To the untrained observer, social media companies are often a bit of a mystery: Many of them are receiving huge valuations while operating at a loss. Some do not even have a clear business model yet; they are loosely based around the idea of advertising, or for the more adventurous, the notion of giving something away for free while selling premium upgrades.
American firms that fall into this category include Facebook (FB), LinkedIn (LNKD), Groupon (GRPN), Yelp (YELP), Pandora (P), Zynga (ZNGA) -- with many more in the pipeline, including Twitter, AirBnb, and Foursquare among others. The Social Media ETF (SOCL) is a way to play this via ETFs, although it should be noted that SOCL has over 70% of its holdings in social media companies domiciled outside of the U.S.
How can investors better identify whether these companies are worth it? Here's a standard checklist of sorts I use:
Is it small? The main thing about these Internet companies is their ability to re-organize how the world is coordinated. To deeply understand this issue, I recommend reading Ronald Coase's essay, "The Nature of the Firm," which notes the purpose of the firm is to reduce contract costs of collaboration. The Internet reduces collaboration costs without the need to create a corporation -- thus we are able to see things like Wikipedia, a peer-produced encyclopedia with just 35 employees as of 2010, and Craigslist, which also has just over 30 employees. This is the right model for the Internet, and the real Internet winners will be those with extraordinary per employee metrics: Revenue, profit, and market cap per employee are the numbers to watch. Once you see an Internet social media company start hiring tons of employees, you immediately can see that their per employee numbers will not be that good, and that they probably are not doing a great job of coordinating the world outside of their firm. One benchmark I like to compare Internet companies to is Silver Wheaton (SLW), a precious metals royalty company that has the highest market capitalization per employee of any U.S.-listed stock -- including Apple (AAPL). The best Internet companies will have the potential for a market cap/employee metric that surpasses both Silver Wheaton and Apple. I find 150 employees -- Dunbar's number -- to be a worthwhile metric in determining whether a company is small enough to have solid per employee metrics and be compatible with the nature of the Internet. Pandora has over 600 employees; Yelp, has over 900, and LinkedIn seems to have over 3,000. These companies are too big and bloated -- which is a big part of why they should be passed on. The bigger the social media companies grow in terms of employees, the more they will compete with Internet titans like Google (GOOG), Apple, and Amazon (AMZN). That is a game I am confident they will lose.
Does it have a niche focus? Related to the idea of being small is that of having a niche focus. If the customer is simply "everyone," or some generic user, the company will put itself squarely on the path to competing directly with the established aforementioned incumbents.
Does the monetization system rely heavily on cost per click (CPC) or cost per thousand impressions (CPM) advertising? This is Google's bread and butter, and so a startup that tries to build a business model on such grounds is aiming to compete head on with Google on its most prized turf. That's a losing proposition, in my opinion. Social media companies are better off capturing a piece of the transaction, or charging for content placement.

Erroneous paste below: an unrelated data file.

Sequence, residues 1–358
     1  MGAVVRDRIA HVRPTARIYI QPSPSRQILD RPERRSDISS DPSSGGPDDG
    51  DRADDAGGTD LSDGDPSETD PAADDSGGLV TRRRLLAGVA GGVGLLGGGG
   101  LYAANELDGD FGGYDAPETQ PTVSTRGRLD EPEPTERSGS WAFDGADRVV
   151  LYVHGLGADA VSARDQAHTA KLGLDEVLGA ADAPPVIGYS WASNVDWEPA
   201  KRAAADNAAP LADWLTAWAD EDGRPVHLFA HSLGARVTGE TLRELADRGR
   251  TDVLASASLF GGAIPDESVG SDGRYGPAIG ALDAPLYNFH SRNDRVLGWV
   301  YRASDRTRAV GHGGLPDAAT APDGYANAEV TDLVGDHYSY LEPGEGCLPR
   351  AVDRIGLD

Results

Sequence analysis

The Real Opportunity is in Overcoming Peak Everything
The real opportunity in the social media space, which many companies are addressing, is that of coordinating society in a way so as to overcome "Peak Everything" -- a world in which resources are increasingly scarce and unable to support a burgeoning global population. Although statistics are hard to accurately assess here, my hunch is that scarcity is largely a problem related to distribution and governance of shared commons. As social media companies have the abililty to facilitate resource-sharing and distribute goods and information in new ways with unprecedented efficiency, I think there is an enormous opportunity for Internet companies to use resource sharing to alleviate scarcity resulting from Peak Everything. Car-sharing services like GetAround, house sharing services like AirBnb, and online gold services like Bullion Vault and GoldMoney are prime examples of the early stages of what I'm referring to.
As this trend grows, social media companies will find themselves increasingly in conflict with the nation-states of the world. Indeed, the world has already gotten a taste of the "Twitter Revolution" that occurred in the first half of 2011. That "revolution" was a bit incomplete, but I do believe it will grow in strength and significance in future incarnations.
Bottom line: Companies with business models that do not depend on CPC/CPM advertising, that have less than 150 employees, focus on a niche, and address the issue of resource scarcity are going to be huge opportunities for investors. Unfortunately, many of them will be private market opportunities that may come to public markets at full valuation, if at all. But it is one of the best opportunities I see out there. I think the right social media company, if it can come to public markets at a reasonable valuation, could give investors Apple-like returns.